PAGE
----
New Best’s Commentary: Impact of rising interest rates on insurers’ balance sheets will depend on accounting methods

23 November 2022

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Dramatic increases in interest rates worldwide have significantly affected the balance sheets of some insurers at midyear 2022; in particular, according to a recently published Best’s Commentary from ICMIF Supporting Member AM Best. Insurers using a market-value approach on their balance sheets saw significant declines in available capital.

The Best’s Commentary, Impact of rising interest rates on insurers’ balance sheets will depend on accounting methods, notes that unrealised losses in the first half of 2022 totalled more than USD 200 billion. At the same time, the impact of rising interest rates on insurers’ fixed-income assets has depended on the accounting method employed. For some US insurers, the effect also depended on the type of bonds held, as statutory reporting uses amortised cost for investment-grade bonds, but market value for some non-investment-grade bonds. The analysis showed that insurers using an amortised cost approach showed no impact on available capital.

“AM Best’s approach is to make these metrics and tools consistent. In this situation, however, the choices are at opposite ends of the spectrum, with one extreme showing the full impact of rising interest rates on the entire fixed-income asset portfolio, and the other extreme showing no impact at all,” said Thomas Mount, Senior Director, AM Best.

The commentary notes that AM Best’s rating analysts can manually adjust an insurer’s available capital in Best’s Capital Adequacy Ratio (BCAR), if using the unadjusted available capital significantly affects the BCAR assessment or if the need to sell fixed-income assets at a loss is not sufficiently captured. In addition, discussions with the insurer about its views of the risks associated with rising interest rates, in addition to any stress testing and mitigation plans in effect, are part of the enterprise risk management component of AM Best’s rating process.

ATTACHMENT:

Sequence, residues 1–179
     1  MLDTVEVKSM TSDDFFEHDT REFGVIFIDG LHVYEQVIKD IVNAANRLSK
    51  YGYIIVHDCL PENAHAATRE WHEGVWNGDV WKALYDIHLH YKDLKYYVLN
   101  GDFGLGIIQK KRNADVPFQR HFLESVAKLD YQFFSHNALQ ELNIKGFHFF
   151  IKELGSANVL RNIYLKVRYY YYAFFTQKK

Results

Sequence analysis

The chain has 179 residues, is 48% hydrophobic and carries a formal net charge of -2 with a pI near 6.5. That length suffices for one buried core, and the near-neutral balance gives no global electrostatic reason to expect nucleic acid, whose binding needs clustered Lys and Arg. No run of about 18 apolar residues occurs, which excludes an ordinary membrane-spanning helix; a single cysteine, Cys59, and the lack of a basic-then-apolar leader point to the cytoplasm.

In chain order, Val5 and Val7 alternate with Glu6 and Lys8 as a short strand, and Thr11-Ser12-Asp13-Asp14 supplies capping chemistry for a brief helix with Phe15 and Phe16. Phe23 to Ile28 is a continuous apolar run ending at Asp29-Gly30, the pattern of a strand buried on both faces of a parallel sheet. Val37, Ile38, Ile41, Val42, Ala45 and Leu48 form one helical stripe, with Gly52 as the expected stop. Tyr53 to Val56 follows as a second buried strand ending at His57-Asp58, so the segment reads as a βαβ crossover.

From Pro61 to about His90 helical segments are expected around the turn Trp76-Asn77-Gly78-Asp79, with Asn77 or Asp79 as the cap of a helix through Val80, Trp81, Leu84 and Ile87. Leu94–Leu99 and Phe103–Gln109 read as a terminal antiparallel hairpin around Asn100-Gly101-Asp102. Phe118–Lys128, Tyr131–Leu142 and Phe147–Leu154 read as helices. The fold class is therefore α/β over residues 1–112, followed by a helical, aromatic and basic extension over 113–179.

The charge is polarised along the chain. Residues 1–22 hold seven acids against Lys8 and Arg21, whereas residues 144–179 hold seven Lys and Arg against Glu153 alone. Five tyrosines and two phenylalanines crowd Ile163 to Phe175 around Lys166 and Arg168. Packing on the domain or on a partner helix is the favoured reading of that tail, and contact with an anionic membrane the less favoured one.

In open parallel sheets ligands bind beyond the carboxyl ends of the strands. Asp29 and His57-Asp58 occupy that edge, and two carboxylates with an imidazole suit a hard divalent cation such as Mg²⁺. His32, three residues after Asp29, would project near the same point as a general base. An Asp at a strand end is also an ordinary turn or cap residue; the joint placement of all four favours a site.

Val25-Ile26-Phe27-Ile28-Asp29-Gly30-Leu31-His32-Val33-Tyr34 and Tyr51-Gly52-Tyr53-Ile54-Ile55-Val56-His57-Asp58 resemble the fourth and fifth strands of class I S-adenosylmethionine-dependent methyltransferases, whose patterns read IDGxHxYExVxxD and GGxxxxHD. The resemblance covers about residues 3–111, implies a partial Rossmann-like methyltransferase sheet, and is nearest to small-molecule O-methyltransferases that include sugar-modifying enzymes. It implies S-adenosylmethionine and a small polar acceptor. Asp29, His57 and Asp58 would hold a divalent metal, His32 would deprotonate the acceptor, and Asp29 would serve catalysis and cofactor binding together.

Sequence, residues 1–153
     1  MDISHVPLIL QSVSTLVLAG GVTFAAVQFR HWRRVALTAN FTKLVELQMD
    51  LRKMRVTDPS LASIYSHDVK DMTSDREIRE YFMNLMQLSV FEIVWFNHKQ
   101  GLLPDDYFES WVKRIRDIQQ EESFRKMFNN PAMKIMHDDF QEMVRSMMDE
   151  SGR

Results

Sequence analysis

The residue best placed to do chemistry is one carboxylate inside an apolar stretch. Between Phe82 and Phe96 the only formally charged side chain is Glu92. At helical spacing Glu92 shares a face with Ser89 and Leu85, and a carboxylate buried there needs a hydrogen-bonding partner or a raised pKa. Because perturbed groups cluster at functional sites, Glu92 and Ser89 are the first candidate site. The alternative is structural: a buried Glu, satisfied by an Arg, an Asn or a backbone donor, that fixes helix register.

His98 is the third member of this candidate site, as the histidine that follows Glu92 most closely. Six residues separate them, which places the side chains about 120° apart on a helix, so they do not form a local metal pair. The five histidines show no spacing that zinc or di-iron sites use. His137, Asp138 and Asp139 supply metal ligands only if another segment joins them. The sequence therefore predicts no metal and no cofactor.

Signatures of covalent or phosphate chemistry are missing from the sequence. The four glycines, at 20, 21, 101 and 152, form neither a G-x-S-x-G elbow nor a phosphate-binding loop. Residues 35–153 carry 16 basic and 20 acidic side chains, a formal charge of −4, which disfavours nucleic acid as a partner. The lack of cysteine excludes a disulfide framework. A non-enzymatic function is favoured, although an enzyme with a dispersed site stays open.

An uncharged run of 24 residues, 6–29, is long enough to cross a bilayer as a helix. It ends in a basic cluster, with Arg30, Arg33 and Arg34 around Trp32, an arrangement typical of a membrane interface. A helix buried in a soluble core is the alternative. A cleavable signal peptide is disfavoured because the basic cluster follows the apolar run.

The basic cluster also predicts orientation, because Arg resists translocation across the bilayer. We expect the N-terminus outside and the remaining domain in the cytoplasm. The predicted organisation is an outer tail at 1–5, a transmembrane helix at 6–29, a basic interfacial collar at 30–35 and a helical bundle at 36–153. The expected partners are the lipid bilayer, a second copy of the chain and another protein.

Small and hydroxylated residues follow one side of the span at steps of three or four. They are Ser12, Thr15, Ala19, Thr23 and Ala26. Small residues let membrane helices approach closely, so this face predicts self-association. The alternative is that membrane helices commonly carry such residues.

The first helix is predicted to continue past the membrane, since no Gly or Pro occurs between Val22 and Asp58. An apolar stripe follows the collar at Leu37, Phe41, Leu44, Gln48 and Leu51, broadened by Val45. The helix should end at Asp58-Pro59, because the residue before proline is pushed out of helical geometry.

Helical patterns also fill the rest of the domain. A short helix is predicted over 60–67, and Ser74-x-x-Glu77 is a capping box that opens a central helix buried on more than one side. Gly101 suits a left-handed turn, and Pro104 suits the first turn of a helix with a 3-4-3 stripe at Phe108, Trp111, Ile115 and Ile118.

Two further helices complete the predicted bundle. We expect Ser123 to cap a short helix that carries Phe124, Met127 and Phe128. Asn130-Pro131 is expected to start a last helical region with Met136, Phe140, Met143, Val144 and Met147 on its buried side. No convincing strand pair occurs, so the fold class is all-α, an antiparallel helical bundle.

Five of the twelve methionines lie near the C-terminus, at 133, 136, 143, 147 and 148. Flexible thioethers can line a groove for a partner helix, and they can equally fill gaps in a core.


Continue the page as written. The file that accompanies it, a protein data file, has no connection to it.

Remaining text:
Financial leverage is another metric that can be distorted by the impact of rising interest rates. Essentially, financial leverage represents the amount of debt an entity has outstanding relative to its total available capital. To reflect any accounting differences, AM Best will review financial leverage metrics using available capital that includes and excludes the impact of rising interest rates. Significant divergence in these calculations may require additional dialogue with the insurer.

AM Best does not expect that many of its ratings will be affected negatively by the rising interest rates given the strong starting capital of most insurers, as well as positive cash flows, additional sources of liquidity, strong risk management and their ability to hold fixed-income assets to maturity.

To access the full copy of this commentary, please visit .


For member-only strategic content on the cooperative/mutual insurance sector, ICMIF members have exclusive access to a range of online resources through the ICMIF Knowledge Hub.

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